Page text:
CCAM at UConn Health
Is developing new approaches for in vivo measurements and manipulation of molecular events within the cell, and new computational approaches for organizing such data into quantitative models.
CCAM integrates new microscope technologies for making quantitative in vivo live cell measurements with new physical formulations and computational tools that will produce spatially realistic quantitative models of intracellular dynamics.
To investigate the relationships between experimental and computational worlds, we use a tripartite approach described as:
- Measure - develop new tools for measuring spatially resolved dynamic behavior of molecules in cells.
- Model - develop new methods for spatial modeling of biological systems.
- Manipulate - develop new techniques for manipulating the spatial distribution of molecules in living cells.
These three analytical approaches, (measurement, modeling and manipulation) are integrated and interdependent, e.g., models generate predictions that can be validated with new measurements, as well as experimental approaches that manipulate intracellular signals and structures. These approaches allow us to tackle fundamental questions of how the spatial organization of molecules in cell is established and how it is utilized to control cell function. CCAM hosts a confluence of expertise in physics, chemistry, experimental cell biology and software engineering immersed in a biomedical research setting that values interdisciplinary collaborations, and our Training Program in Cell Analysis and Modeling provides a new model for interdisciplinary training in cell biology. CCAM is the home of the Virtual Cell, a computational environment for cell biological modeling developed as a NIH-designated National Resource, and also hosts a variety of projects in biophotonics and live cell microscope imaging methods as well as a state-of-the-art user microscopy facility for nonlinear, confocal, and widefield microscopy.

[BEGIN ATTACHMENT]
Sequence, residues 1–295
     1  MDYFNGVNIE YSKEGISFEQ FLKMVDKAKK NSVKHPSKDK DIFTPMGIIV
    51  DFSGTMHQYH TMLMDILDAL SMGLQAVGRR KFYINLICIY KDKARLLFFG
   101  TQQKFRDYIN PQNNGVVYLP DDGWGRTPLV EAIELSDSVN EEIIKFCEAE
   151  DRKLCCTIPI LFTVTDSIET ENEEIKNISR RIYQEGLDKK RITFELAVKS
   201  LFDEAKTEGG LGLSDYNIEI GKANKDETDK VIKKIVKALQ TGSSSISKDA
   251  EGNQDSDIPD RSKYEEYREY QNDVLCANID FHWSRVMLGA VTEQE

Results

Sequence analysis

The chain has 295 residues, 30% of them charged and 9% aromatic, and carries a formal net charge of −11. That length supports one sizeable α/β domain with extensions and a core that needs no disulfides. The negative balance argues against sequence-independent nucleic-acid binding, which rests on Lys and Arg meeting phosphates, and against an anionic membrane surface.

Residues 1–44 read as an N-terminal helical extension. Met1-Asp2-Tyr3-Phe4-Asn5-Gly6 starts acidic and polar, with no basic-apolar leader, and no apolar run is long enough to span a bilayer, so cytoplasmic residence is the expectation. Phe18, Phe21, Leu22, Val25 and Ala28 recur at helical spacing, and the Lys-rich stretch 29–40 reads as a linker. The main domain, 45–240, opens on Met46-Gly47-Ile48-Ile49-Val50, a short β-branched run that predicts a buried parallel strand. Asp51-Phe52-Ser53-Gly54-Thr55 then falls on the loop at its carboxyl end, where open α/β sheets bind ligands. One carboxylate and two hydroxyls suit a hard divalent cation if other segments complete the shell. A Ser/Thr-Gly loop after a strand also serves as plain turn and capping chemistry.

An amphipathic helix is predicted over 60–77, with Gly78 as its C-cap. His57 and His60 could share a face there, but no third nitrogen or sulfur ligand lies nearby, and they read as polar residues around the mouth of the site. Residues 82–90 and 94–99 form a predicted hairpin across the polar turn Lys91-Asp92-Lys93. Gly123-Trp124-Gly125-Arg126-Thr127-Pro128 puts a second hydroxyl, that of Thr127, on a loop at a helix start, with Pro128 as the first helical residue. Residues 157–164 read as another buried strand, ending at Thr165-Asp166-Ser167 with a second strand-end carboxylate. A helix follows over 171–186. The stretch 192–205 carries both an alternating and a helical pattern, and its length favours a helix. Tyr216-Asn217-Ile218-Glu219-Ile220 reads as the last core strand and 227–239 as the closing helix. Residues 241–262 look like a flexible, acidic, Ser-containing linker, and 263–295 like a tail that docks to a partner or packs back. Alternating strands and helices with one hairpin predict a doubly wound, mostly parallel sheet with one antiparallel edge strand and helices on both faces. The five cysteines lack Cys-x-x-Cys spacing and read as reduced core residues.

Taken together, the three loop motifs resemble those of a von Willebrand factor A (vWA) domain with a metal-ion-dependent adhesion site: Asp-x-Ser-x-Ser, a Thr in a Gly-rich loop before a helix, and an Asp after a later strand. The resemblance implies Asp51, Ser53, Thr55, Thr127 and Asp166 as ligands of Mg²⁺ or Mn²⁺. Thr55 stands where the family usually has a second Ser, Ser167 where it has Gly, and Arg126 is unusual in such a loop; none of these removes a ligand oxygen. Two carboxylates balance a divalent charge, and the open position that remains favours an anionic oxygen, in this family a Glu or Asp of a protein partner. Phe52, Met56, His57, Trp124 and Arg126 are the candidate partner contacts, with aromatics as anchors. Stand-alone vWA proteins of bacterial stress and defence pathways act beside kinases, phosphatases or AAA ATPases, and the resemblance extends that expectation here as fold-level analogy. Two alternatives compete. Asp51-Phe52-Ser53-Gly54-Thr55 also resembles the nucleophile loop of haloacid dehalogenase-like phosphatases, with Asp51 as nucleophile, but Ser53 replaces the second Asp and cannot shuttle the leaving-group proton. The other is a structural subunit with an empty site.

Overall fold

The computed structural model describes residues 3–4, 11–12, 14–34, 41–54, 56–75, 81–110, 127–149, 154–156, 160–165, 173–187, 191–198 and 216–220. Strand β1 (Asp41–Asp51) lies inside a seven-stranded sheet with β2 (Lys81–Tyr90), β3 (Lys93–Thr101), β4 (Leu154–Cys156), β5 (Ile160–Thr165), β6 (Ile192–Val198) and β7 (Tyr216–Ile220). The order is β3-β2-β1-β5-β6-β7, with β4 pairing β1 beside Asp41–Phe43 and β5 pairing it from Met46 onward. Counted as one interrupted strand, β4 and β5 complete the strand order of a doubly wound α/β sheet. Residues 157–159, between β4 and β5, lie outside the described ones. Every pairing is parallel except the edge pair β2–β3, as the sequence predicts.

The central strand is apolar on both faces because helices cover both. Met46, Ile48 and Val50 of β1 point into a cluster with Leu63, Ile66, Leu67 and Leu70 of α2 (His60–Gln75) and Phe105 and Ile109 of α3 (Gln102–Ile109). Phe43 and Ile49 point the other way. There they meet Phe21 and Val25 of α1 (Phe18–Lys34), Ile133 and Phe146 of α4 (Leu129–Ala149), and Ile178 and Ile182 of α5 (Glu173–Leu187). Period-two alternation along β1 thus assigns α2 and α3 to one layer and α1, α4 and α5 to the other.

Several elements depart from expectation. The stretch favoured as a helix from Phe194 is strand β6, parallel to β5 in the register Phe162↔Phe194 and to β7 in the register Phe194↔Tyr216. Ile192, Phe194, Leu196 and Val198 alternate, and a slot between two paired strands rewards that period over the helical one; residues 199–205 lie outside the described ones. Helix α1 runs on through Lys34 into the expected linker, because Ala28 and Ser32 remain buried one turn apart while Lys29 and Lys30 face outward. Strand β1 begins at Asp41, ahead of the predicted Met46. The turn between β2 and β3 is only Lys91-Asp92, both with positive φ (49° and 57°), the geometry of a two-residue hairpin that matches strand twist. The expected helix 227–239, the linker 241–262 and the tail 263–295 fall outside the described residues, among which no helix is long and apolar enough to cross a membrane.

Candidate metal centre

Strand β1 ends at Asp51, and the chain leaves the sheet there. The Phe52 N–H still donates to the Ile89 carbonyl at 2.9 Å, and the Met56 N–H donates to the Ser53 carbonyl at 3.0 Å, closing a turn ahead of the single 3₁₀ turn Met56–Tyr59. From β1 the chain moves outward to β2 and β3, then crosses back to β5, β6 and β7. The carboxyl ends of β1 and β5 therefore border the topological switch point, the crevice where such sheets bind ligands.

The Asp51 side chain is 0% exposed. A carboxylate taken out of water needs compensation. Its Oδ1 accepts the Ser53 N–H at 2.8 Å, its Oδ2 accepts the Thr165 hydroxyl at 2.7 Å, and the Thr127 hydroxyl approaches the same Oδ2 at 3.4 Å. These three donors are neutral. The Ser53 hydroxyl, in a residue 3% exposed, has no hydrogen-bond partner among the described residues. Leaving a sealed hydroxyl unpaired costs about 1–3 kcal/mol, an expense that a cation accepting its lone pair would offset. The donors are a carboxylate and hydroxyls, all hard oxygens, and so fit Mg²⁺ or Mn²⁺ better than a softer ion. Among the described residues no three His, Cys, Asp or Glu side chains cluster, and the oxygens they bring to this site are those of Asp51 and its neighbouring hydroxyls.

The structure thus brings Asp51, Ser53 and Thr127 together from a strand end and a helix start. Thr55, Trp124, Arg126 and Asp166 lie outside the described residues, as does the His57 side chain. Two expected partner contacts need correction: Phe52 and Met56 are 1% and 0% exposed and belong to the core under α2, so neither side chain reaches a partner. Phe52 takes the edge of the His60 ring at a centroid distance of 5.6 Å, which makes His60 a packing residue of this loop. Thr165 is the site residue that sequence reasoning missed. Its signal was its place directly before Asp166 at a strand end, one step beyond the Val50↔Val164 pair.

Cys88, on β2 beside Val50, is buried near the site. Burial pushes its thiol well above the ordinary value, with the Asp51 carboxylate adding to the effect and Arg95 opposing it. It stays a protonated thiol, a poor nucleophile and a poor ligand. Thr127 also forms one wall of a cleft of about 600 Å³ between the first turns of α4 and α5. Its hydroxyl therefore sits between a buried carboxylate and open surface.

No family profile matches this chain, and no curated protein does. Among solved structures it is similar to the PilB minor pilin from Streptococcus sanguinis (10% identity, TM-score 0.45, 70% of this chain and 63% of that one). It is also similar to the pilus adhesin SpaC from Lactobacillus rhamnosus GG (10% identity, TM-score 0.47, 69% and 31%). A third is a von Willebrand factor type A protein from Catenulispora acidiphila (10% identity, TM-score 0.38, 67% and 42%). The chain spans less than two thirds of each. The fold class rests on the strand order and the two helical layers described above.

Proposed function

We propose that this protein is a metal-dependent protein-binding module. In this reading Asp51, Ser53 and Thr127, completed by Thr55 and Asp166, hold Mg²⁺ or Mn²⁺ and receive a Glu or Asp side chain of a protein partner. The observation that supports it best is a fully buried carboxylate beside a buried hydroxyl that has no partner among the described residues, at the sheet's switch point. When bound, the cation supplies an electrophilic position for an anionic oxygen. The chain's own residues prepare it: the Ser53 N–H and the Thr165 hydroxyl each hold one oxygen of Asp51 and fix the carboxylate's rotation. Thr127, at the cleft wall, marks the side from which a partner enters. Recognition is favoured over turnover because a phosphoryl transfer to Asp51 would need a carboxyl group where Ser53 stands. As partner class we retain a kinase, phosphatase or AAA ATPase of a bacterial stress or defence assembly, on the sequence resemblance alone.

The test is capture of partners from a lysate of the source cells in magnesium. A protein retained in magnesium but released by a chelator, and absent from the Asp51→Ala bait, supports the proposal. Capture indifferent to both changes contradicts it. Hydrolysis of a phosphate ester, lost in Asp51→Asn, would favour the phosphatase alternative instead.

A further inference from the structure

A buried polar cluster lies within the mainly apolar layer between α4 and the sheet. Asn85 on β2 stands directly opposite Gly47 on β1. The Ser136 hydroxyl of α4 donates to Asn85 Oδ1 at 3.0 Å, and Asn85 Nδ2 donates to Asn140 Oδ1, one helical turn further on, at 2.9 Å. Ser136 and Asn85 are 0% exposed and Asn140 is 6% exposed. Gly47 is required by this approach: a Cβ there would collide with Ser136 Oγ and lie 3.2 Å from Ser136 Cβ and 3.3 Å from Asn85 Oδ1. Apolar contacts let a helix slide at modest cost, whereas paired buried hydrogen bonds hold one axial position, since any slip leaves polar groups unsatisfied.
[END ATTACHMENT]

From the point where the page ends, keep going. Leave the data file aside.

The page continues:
CCAM is committed to fostering an inclusive and tolerant research environment. We support students and faculty of all races, religions, ethnicities, differing physical abilities, sexual orientations, and gender identities.
UConn maintains a number of resources to promote inclusivity and to report complaints:
Upcoming EventsAll Events »
- Congrats to Lauren & team, first place in PhysiCell Workshop!8-2-21. Lauren Marazzi and her teammates came in first place at the PhysiCell Workshop and Hackathon 2021. They developed PhysiPKPD, a standardized addon with user friendly implementation to PhysiCell for simulating pharmacokinetics and pharmacodynamics. Congratulations on your work!
- Welcome Michael Guertin7-06-2021. Please welcome our newest faculty member, Dr. Michael Guertin, who joins CCAM and the Department of Genetics and Genome Sciences. Dr. Guertin’s laboratory uses genomics, biochemistry and computational biology tools to explore mechanisms of transcriptional regulation and regulatory cascades in hormonal signaling.
- Moraru, Blinov, Marupilla and Wilson publication5-13-21. Drs Ion Moraru and Michael Blinov along with computer specialists Gnaneswara Marupilla and Michael Wilson are co-authors on a new paper in Nuclei Acids Research describing the new resources available through RunBioSimulations, a product of the NIH-funded National Biomedical Technology Resource lead by Ion Moraru of the University of Connecticut School of Medicine and […]
- Cowan and Loew publication5-13-21. Drs. Ann Cowan and Les Loew are co-authors on a new paper in PLoS Computational Biology, “Ten steps to investigate a cellular system with mathematical modeling” that teaches how to use mathematical modeling with VCell software to explore cellular systems.
- 2021 Computational Biology Workshop6-24-2021. CCAM hosted the 2021 Computational Cell Biology workshop JUnew 21-23, providing instruction to over 50 individuals from around the world on mathematical modeling techniques using VCell, COPASI and SpringSaLaD software. Fifteen of the participants worked closely with CCAM researchers to develop their own models related to their research projects. Another successful year for the […]